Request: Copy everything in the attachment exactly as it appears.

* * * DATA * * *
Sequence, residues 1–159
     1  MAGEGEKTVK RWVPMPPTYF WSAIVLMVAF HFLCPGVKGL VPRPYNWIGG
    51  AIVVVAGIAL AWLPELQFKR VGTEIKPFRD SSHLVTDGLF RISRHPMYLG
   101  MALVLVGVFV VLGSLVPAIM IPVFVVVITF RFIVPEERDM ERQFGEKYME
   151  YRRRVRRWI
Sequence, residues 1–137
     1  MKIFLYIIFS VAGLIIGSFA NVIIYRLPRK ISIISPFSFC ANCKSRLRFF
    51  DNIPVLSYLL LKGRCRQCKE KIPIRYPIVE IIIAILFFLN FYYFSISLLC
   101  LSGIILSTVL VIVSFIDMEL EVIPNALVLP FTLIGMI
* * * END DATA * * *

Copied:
Sequence, residues 1–159
     1  MAGEGEKTVK RWVPMPPTYF WSAIVLMVAF HFLCPGVKGL VPRPYNWIGG
    51  AIVVVAGIAL AWLPELQFKR VGTEIKPFRD SSHLVTDGLF RISRHPMYLG
   101  MALVLVGVFV VLGSLVPAIM IPVFVVVITF RFIVPEERDM ERQFGEKYME
   151  YRRRVRRWI
Sequence, residues 1–137
     1  MKIFLYIIFS VAGLIIGSFA NVIIYRLPRK ISIISPFSFC ANCKSRLRFF
    51  DNIPVLSYLL LKGRCRQCKE KIPIRYPIVE IIIAILFFLN FYYFSISLLC
   101  LSGIILSTVL VIVSFIDMEL EVIPNALVLP FTLIGMI